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You're trying to use precompiled headers to "speed up compilation". Xcode has a file called YourProject_Prefix.pch. You can include any number of header files in there that you like.

My question is, how do you select what header files should make it into your PCH? Should you just throw all your header files into there, or will that actually not be optimal?

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If you are using Xcode 5 - have a look at modules, which are supported for System frameworks. You can then do something like @import UIKit; and it will use a precompiled database rather than an actual text import. You can do this in individual files which is just as fast as precompiling and doesn't add the import globally. As for your pch file, add headers that are unlikely to change. Because if they do change the pch is precompiled again and you lose the benefits of it. –  Abizern Oct 29 '13 at 15:23

2 Answers 2

Just import your header files there like the ones below.

#ifdef __OBJC__
    #import <UIKit/UIKit.h>
    #import <Foundation/Foundation.h>
    #import "YourHeaderFile.h"

Pre-compiled headers, especially during building your app, can be very useful. The headers in the .pch file are only compiled the first time and then only if the headers change in the future. If your app imports many frameworks/headers that do not change; this could accelerate building (compiling) since the compiler will use the .pch versus compiling every imported framework/class every time you compile.

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Yes but, which files should make the cut? All of them? –  bobobobo Oct 29 '13 at 15:14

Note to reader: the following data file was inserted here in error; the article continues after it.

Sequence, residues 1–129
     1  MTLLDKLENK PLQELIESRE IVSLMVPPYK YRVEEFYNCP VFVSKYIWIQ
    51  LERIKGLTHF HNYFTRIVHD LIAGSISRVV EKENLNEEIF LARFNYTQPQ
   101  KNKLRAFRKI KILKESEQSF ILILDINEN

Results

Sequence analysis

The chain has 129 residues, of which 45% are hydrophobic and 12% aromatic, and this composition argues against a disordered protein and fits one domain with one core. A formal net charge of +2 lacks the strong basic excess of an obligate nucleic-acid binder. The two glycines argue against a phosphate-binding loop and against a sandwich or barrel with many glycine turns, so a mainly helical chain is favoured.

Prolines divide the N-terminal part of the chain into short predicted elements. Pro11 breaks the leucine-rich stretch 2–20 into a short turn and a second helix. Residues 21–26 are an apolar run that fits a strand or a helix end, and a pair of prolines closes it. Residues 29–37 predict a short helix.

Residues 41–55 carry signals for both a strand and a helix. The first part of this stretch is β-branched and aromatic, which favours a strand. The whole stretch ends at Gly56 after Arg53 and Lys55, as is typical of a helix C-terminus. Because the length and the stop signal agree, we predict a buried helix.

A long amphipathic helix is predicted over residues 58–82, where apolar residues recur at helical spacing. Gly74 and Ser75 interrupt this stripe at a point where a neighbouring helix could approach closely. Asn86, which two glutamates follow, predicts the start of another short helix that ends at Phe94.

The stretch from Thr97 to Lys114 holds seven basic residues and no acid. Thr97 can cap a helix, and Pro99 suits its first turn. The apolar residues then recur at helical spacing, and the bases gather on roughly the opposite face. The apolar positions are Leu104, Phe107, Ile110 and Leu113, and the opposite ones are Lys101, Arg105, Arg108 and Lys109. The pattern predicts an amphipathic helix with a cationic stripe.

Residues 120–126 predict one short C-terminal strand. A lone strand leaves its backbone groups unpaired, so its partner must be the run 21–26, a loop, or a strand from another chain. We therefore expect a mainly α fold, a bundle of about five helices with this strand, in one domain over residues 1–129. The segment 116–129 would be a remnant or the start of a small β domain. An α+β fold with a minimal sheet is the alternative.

Edited my answer, hope I helped you more. –  Nikos M. Oct 29 '13 at 15:19
Well yes it appears there is a trade off. The more you include in the pch, the faster initial compilation is, but at a certain point, the final build time takes much longer. I don't know if I need more RAM or what, but something slows down the compilation process overall (by about 10 seconds or so) when I include too many files in the PCH. –  bobobobo Nov 3 '13 at 19:49

the pch file will be included in all your source files by default.

that means you should really only put header files in there that are more or less global or never change. I believe putting all your headers in there would slow down compilation because every time you changed one it would cause every other file in your project to have to recompile. (I did not test or research this)

here is a sample from one of my projects:

#ifdef __OBJC__
    #import <Cocoa/Cocoa.h>
    #import "Errors.h"
    #import "Localization.h"
    #import "Logging.h"

Additionally, take the linked comments about C++ with a grain of salt. C++ uses templates and such that go in header files and make compilation take much longer than you are going to see in objective-c. in objective-c you are only likely to have types and interfaces, not implementation in a header.

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